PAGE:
A long-awaited wine tasting room, which also features small plates and seasonal dinners in downtown Suttons Bay, opened Sept. 1. Gilchrist’s tasting room will offer a selection of whites, reds, and frozen beverages. In addition to their wine menu, Gilchrist’s culinary team has developed a seasonal menu of 7-9 small plates that will rotate with the seasons and highlight local produce with a balance of creativity and simplicity.
Shady Lane Cellars plans to celebrate the harvest season in Suttons Bay style. This year, the estate winery will welcome crowds to a Celebrate Harvest Pig Roast on Sunday, Oct. 1, from 2-6 pm. Chef Larry Burdek of Traverse City’s Chef’s Pride Catering will prepare a succulent roasted pig and serve a full menu made to pair with Shady Lane Cellars wines. The estate winery’s 150 acres of rolling hills will serve as a backdrop to live music and the high-octane rockabilly sounds of Delilah DeWylde.
The Mill in Glen Arbor will launch its long anticipated restaurant this fall in the historic Braemmer flour mill on the Crystal River. The Mill announced its Supper Club on Instagram today with 12 dates between mid-October and mid-December. According to Kelsey Duda, owner of Fernhaus Studios, which manages The Mill, supper club tickets will start at $75 per person.
Poppy flowers look so fragile, with flame-colored, papery petals held high on wiry stems. Yet these bold beauties are surprisingly resilient as well, returning each spring to delight the eye in garden and field. Just so with Poppy Things, the brand and eponymous boutique, which will be celebrating four years in Suttons Bay this autumn. Chelsey Sawallich Skowronski, creator of Poppy Things, knew she wanted to be an artist from a young age. She describes her delighted discovery at age 12 of an abandoned farmhouse near her family’s Centerville Township farm: “I had never seen poppies before; they were glowing against the weathered siding. From [then on], I knew. It’s something I’ve always loved.”
The metamorphosis continues as Meg Paxton readies the Blue Maple for its debut. The one-time garage in the middle of Maple City was home to Gabe’s Country Market for decades before Paxton moved in. She bought the 100-year-old, 5,000 square foot building in 2019 and immediately began deconstructing, then reconstructing it to fit her vision for the Teenie Weenie store, a retail shop focused on small dogs such as her own and their humans. In addition to a retail site, it will serve as a workshop for her and her sister Emily’s sewing and embroidery endeavors.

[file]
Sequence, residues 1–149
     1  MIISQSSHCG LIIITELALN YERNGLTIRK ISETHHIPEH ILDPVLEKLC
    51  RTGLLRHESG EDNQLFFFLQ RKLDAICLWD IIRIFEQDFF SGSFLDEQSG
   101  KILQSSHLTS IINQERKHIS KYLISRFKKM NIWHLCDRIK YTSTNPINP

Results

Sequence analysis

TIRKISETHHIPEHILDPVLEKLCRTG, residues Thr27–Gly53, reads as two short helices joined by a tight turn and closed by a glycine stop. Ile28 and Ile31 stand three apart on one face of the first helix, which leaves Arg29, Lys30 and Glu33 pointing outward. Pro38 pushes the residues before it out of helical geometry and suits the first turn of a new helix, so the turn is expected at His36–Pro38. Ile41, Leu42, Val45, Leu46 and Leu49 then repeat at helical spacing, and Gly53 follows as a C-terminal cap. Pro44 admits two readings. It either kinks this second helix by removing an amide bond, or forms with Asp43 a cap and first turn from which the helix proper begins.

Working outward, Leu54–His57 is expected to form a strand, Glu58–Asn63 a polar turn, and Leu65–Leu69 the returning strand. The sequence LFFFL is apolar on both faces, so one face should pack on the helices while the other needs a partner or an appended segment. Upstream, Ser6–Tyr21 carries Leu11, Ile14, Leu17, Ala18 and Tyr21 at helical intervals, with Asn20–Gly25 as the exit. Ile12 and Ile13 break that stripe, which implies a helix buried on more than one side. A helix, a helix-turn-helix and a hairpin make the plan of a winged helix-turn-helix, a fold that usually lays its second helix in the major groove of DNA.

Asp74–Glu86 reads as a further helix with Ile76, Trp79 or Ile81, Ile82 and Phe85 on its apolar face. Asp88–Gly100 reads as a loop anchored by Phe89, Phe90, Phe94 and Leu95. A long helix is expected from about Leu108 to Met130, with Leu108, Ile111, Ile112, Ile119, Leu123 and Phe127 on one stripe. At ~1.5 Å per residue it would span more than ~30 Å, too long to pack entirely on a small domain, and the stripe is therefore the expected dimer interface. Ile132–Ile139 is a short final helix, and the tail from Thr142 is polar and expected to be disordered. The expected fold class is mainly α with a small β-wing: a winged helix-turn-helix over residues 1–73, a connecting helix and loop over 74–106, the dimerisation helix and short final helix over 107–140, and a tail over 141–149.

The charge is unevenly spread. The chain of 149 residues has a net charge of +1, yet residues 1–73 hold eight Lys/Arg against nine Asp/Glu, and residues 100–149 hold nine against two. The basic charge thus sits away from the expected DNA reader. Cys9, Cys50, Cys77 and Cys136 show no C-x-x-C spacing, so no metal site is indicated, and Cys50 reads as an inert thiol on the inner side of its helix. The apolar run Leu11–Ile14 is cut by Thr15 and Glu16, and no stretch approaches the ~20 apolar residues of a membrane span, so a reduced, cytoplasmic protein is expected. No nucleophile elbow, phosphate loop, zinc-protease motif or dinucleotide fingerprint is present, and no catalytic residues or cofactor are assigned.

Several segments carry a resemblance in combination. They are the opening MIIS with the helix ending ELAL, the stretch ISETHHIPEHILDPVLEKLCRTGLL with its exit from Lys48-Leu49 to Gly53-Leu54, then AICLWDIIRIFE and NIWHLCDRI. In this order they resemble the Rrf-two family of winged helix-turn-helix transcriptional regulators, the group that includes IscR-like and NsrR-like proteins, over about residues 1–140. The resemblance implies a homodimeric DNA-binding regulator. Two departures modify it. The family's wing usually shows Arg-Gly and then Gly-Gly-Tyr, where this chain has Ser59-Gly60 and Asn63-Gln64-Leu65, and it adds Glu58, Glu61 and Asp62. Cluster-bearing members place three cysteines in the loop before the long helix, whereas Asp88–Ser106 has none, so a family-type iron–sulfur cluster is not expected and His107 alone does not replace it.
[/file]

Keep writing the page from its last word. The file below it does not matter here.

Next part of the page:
Today, 15 million Europeans are using specially designed Nordic ski walking poles, and that trend is slowly spreading to the United States—even right here in Leelanau County. It is a modern-day walking sport that started in Finland. For decades, beginning sometime in the mid-1900s, skiers deprived of snow in Finland kept in shape for winter cross-country skiing by walking in the summers using their snow ski poles. They simply called it “ski-walking.” Here, at home, we have the ski pole companies, American Nordic Walking System and Ski Walking.com headquartered in Empire, both founded and owned by Pete Edwards.
Betsy Ernst gazed at a lobelia cardinalis, admiring the perennial flower’s cardinal red blooms as she worked at Peninsula Perennial Nursery, the business she owns with her husband, Kris Ernst. The 20-acre nursery, located on Swede Road near Northport, cultivates and sells a variety of perennials, flowering shrubs and trees, ornamental grasses, and groundcovers suited for the 45th parallel’s climate. “We try to take moments of gratitude,” Betsy said. “People are really friendly. They come in with unique ideas and issues. We are very happy to be here.”
He’s a showstopper, that’s for sure. Any number of people driving past Gilbert on M-72 are stopping to get a photo with him. Because who doesn’t love a copper-colored, life-size T-Rex? Gilbert is the brainchild of Curtis Warnes, and was crafted by sculptor Enoch Flaugher. Warnes is the owner of Steel Appeal, a firm specializing in metal work & custom furniture. He hired his cohort Flaugher to build the dinosaur, which now stands next to the building Warnes is using as a gallery to promote the “functional art” side of his business. “People are lining up” to see and take photos of Gilbert, says Warnes.
This summer means now. A sign reading “Opening this Summer” inside the window at Millie’s, the new pizza and ice cream restaurant on the footprint of the famed Riverfront Pizza, has been replaced by a new sign that reads “Grand Opening” and “Thursday to Sunday 12 pm to 8 pm.” Millie’s holds its grand opening on Thursday, Aug. 10, and features made-from-scratch “Roman Pizza al Taglio,” known for its semi-thick, light and fluffy interior and crispy exterior. Pizza slices, which cost $5 or $6 each, offer cheese, pepperoni, sausage and onion, or mushroom and roasted garlic. For dessert, Millie’s features ice cream in two flavors—cinnamon toast and dark cherry—crafted from a rich, custard base that uses cream, whole milk, sugar, salt and egg yolks. The restaurant is managed by Fernhaus Studio hospitality group, whose team also runs The Mill, another time-honored Glen Arbor landmark on the Crystal River, The Riverside in Leland, and Brew in Traverse City.
“In wine, there is truth.” Overquoted? Maybe. But in the case of the early winery owners and their family members of the Leelanau Peninsula, the expression holds true. Writing for the Glen Arbor Sun, Rebecca Carlson set out to understand the origins of the current successful wine industry in Leelanau. Through years of experimenting, working and taming the soil and vines, “In Vino Veritas” is in the lifeblood of these early Leelanau Peninsula vintners.